We’ve all had this happen to us and most likely—let’s be honest–done it ourselves. With a constant, incessant stream of people available to us—the human brain can’t respond with as much dignity and attention as it would in a real-world interaction. Dating used to be a nerve-racking affair where we invested and built up the courage to finally talk to someone, just to see if they were ‘interested’ or ‘looking’ let alone in specifically us. Internet and app dating takes the guesswork out and streamlines your success. But has it really streamlined anything? Or does it just create superfluous options? In other words: we have to go through 20 dates to find a good one, in the same amount of time we’d have gone through 6 but with the same outcome.
Regardless of the pros and cons of modern dating—it’s something we’ve all grappled with. And along with the process comes the event of ghosting. Ghosting is when someone simply stops communicating with you, instead of actually communicating the truth, which is often extremely painful, complicated or ‘uncool’. Sometimes you exchange a couple texts and prepare to meet then—bam! Ghosted without reason. We move on. But other times, we meet and go on three or four dates—enough to develop a healthy attachment—and everything seems fine then randomly they disappear. It’s so famously painful because it leads us to assume the worst. And then it’s you and your mind.
Ghosting leaves us to face our worst critic: ourselves.
Psychology says that when someone is silent we assume they’re angry with us. Naturally, we wonder why and can quickly draw negative conclusions. Our insecurities, our childhood, our past wounds. Everything can paint a perfect illusion and we suddenly perceive that something must be wrong with us, or worse: that we don’t even matter. I used to think having an unlovable flaw was the worst most shameful thing imaginable. But now I know what’s worse: your flaws not even mattering…you not even mattering. The silence doesn’t just daunt you then—you become one with the silence, a moot point without a voice.
Out inner critic is always there to tell us this, regardless of the circumstance, ghosting or not. When creating art, when applying for jobs, when growing and moving and embarking on new adventures, there’s always the voice that says: so what? Who cares? Why do you and your voice even matter? Can you really make a difference? It is the voice that reminds us of our past failures, of our flaws and mistakes.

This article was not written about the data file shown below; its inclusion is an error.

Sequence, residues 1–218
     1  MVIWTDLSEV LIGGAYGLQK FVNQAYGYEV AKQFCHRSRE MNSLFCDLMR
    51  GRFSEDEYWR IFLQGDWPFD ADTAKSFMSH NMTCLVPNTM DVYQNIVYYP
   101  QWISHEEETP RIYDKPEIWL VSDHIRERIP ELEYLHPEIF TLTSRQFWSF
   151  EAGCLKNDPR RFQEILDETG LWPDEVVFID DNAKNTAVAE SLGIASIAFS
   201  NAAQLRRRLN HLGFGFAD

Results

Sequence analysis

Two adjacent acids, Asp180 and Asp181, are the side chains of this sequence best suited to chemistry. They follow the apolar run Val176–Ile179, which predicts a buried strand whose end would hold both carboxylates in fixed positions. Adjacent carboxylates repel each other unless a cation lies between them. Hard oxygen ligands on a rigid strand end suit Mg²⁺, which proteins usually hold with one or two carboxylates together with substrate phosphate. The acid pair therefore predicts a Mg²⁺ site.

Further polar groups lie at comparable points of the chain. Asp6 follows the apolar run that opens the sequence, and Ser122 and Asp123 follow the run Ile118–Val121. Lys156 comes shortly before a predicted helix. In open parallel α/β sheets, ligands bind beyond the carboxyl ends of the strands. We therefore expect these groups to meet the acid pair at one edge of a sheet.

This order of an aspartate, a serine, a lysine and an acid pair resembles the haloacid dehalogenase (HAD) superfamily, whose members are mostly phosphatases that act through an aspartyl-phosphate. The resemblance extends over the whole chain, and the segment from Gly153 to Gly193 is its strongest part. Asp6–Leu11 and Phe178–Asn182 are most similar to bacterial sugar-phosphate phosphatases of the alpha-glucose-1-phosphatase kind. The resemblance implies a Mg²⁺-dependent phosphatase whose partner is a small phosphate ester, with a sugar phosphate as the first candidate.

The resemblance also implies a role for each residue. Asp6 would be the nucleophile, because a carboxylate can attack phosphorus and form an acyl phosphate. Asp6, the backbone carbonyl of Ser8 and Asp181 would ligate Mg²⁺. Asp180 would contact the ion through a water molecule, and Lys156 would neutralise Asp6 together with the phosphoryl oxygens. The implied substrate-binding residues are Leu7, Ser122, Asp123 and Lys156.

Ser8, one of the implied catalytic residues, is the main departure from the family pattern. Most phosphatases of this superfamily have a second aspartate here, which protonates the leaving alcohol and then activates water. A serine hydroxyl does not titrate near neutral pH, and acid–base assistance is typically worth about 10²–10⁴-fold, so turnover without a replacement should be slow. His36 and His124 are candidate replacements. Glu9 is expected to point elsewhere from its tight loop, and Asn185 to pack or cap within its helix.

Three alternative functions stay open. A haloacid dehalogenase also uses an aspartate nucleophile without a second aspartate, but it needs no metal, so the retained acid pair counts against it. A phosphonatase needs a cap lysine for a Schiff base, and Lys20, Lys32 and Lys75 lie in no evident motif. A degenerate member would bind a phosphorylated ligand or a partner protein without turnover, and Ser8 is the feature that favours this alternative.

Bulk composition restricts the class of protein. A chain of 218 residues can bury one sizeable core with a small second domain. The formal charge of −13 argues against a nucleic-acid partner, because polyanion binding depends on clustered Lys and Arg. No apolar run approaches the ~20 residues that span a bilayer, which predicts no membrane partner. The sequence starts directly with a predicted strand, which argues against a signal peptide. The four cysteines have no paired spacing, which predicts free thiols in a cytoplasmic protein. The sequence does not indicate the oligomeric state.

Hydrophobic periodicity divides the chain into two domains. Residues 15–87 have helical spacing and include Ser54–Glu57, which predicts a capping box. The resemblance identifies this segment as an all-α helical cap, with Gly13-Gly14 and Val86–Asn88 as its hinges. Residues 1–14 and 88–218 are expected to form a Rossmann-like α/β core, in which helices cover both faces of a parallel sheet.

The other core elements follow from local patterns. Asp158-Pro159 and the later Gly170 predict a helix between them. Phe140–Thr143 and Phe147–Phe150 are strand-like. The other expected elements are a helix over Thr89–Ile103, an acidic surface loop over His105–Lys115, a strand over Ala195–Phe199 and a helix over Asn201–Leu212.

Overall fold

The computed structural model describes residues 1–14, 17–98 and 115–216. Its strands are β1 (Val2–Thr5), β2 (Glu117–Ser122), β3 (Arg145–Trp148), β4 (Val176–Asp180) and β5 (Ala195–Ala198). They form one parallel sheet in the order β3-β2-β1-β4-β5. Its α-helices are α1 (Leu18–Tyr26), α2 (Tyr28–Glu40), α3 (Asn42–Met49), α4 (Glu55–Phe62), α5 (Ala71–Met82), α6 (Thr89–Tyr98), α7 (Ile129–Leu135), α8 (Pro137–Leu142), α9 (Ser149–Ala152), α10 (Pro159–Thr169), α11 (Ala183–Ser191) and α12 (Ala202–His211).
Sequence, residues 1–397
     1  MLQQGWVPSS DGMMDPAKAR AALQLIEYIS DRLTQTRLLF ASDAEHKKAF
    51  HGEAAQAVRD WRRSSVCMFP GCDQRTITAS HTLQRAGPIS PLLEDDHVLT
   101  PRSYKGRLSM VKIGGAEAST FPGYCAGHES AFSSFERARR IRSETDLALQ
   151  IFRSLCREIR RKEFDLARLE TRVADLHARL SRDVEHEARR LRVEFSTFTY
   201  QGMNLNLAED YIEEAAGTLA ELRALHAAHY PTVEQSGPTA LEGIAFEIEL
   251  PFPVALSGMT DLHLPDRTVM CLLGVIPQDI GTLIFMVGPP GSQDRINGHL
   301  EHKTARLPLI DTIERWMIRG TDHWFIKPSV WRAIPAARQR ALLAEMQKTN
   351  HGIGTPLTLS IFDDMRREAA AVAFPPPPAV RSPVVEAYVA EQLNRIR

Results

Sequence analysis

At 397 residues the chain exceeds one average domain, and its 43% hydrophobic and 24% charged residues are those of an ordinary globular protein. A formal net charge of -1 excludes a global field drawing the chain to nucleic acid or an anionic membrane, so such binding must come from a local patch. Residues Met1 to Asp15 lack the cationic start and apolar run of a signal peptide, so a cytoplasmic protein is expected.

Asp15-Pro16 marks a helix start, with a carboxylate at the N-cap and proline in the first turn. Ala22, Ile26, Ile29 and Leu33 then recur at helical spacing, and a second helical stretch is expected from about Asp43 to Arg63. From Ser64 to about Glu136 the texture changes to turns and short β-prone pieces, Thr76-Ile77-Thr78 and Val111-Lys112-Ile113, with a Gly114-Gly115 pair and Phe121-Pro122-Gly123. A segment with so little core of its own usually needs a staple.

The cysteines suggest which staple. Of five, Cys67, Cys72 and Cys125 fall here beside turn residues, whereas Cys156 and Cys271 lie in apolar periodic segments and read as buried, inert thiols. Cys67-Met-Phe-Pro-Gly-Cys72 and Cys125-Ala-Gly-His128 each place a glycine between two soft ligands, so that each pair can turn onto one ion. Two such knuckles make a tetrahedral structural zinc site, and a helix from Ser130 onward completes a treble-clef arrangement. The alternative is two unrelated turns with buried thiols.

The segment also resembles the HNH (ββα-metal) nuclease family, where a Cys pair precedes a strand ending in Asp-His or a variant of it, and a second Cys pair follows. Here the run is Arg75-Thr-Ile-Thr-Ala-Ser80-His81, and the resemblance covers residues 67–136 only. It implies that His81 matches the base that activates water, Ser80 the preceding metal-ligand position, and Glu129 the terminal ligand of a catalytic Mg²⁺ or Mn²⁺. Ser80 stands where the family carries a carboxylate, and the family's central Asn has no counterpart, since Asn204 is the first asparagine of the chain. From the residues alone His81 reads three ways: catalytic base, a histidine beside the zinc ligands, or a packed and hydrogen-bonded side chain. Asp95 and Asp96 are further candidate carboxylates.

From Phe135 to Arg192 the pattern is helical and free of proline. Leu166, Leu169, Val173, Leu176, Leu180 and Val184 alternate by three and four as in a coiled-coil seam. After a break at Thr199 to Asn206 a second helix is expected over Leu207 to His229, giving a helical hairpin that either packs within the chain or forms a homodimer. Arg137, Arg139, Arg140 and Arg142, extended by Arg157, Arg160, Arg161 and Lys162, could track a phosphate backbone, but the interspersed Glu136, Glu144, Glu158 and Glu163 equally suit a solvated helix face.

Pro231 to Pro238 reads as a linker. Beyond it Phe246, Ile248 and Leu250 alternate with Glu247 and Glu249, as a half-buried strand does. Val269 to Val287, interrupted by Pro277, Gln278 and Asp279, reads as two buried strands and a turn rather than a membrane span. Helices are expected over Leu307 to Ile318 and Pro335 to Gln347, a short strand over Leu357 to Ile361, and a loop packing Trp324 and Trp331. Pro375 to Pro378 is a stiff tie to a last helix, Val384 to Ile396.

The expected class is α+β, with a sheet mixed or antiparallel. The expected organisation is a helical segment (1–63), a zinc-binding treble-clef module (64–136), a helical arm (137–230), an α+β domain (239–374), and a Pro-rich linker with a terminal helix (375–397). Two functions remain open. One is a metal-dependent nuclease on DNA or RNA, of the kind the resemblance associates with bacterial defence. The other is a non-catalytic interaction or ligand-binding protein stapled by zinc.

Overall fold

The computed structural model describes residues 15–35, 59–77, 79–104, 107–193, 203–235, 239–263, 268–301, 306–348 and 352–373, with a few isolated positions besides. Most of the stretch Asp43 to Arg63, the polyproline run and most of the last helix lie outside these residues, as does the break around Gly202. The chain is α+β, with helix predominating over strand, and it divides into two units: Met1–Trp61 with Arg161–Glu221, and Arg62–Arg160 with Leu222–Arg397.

This is the voice you need to study and defeat. And it’s the true phantom behind the pain of being ghosted. The silence leaves us assuming the worst. The facts are: everyone has an unseen story at their end which we know nothing about. And that’s why you were ghosted. But our inner critic isn’t concerned with ‘facts’. It’s looking to be affirmed for its underlying mantra: that you should stop and give up.
Our brains are wired from an evolutionary standpoint to latch onto anything negative. But those thinking patterns no longer serve our survival.
It’s time to change the voices in our heads. This way, we attract positive people, with positive communication habits so the next time things don’t work out….
We can just say it.
I will say this: all the people who’ve ghosted me have, in some form or another, come back for me. Either to apologize, either to look back on what they missed out on, or because they’ve finally realized the impact (perhaps in the interim they had it happen to them). Whenever I did see them again, I can say that I felt nothing, only numb.